In Built Environs WA Pty Ltd v Perth Airport Pty Ltd [No 5] during the informal exchange of discovery, Perth Airport Pty Ltd (Perth Airport) provided redacted documents to Built Environs WA Pty Ltd (Built). Built sought full disclosure of the documents on the basis that Perth Airport provided those documents to APP Corporation Pty Ltd (APP) who had been engaged as both an independent certifier and as an agent of Perth Airport (which engagement included obligations of confidentiality) during the project.
Built contended that when Perth Airport provided the documents to APP it constituted an imputed waiver of its legal professional privilege.
Perth Airport claimed that the documents were provided to APP in its capacity as its agent, not as independent certifier, and remained subject to legal professional privilege.
What did the Supreme Court of Western Australian say?
The parties did not disagree on the principles underlying legal professional privilege or imputed waiver. Rather, they disagreed on whether the disclosure of documents by Perth Airport to APP was made to APP in its capacity as an independent certifier, and not as Perth Airport’s agent, and therefore constituted a waiver of privilege.
The Court held that whether providing documents to a third party independent certifier, or the like, constituted an imputed waiver of legal professional privilege was to be guided by the functions of the third party. For example, if the documents were provided by a client to the third party in its role as superintendent, not as agent of the client, then those documents may no longer be privileged.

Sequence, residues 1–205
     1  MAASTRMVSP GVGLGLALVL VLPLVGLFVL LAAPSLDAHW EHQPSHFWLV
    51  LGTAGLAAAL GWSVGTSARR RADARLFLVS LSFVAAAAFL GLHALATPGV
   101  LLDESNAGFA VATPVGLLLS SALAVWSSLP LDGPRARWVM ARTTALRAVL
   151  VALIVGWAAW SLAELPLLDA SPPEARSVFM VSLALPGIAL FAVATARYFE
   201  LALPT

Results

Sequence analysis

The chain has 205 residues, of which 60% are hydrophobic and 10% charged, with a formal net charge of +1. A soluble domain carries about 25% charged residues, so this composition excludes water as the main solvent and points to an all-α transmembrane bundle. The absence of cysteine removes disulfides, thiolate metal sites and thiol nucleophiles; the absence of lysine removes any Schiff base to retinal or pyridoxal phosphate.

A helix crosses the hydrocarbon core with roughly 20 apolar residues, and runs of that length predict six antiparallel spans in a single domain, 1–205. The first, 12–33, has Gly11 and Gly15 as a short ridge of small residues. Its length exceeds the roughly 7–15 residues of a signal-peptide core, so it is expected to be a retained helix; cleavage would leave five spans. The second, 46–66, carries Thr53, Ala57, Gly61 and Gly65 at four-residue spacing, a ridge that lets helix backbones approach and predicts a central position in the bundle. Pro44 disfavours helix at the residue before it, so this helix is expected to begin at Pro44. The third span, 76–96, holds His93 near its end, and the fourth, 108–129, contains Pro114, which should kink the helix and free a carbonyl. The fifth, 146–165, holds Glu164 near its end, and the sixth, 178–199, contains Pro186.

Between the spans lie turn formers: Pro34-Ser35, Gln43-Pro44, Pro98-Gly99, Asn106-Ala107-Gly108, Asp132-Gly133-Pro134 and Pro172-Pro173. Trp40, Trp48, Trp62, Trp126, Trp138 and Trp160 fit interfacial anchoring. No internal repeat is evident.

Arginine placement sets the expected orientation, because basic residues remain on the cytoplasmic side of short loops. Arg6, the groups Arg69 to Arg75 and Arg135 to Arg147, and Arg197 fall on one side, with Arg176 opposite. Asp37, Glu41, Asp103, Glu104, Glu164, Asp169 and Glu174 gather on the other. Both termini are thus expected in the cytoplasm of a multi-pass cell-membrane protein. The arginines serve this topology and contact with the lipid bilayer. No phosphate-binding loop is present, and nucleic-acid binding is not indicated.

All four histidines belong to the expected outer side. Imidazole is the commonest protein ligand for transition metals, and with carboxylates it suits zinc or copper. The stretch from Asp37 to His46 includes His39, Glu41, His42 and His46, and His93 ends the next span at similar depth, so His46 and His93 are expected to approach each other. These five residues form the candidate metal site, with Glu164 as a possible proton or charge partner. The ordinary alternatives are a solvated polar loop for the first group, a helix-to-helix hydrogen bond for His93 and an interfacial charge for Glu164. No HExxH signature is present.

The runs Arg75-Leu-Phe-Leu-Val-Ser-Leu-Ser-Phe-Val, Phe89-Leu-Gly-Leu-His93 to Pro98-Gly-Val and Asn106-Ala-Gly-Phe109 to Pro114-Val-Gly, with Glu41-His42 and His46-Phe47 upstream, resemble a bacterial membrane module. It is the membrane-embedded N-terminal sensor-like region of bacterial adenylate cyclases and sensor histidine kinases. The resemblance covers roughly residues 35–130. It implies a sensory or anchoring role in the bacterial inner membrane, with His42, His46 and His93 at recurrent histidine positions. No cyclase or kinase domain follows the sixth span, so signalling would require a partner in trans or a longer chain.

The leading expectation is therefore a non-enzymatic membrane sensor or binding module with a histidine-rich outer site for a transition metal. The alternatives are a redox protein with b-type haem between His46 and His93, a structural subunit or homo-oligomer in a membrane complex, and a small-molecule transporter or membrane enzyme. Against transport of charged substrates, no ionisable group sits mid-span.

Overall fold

Ultimately, in the circumstances, the Court held that the documents in question were provided to APP whilst in its capacity as agent of Perth Airport and that the legal professional privilege over those documents was not waived. It was significant to the Court that, save for distinct certifier roles, APP remained a general agent of Perth Airport at all other times and in every other capacity and that as part of APP’s engagement it owed Perth Airport obligations of confidentiality.
Why is this case important?
When providing documents to third parties, such as superintendents, careful consideration must be given as to what capacity the recipient is receiving the documents, whether as an independent certifier or as an agent.
If the documents are provided to the third party whilst it is acting in its capacity as an independent certifier, the provider of those documents may have waived any legal professional privilege it has over those documents.
When a third party is engaged in multiple functions, including as an agent, it is important to clearly delineate between their functions and to ensure that when documents are provided to the third party, it is clear that the third party is receiving those documents as agent if the provider wishes to mainly legal professional privilege over those documents.
Instead of sending legal advices to superintendents, parties should consider asking their legal advisors to send submissions in support of that party’s position. The superintendent should then share those submissions with the other party and provide them with the opportunity to respond. This ensures procedural fairness to the other party, without waiving privilege on any legal advice that underlies the party’s submissions.
This article was written by Leighton Moon, Partner, Con Koutsantony, Senior Associate and Fin Neaves, Associate.